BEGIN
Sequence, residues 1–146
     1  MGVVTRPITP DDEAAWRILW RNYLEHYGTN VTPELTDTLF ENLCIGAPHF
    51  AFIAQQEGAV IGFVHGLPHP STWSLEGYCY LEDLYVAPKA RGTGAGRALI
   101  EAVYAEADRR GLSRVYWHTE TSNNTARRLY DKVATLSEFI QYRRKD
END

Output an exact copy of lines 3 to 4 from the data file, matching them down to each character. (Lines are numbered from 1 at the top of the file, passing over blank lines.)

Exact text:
    51  AFIAQQEGAV IGFVHGLPHP STWSLEGYCY LEDLYVAPKA RGTGAGRALI
   101  EAVYAEADRR GLSRVYWHTE TSNNTARRLY DKVATLSEFI QYRRKD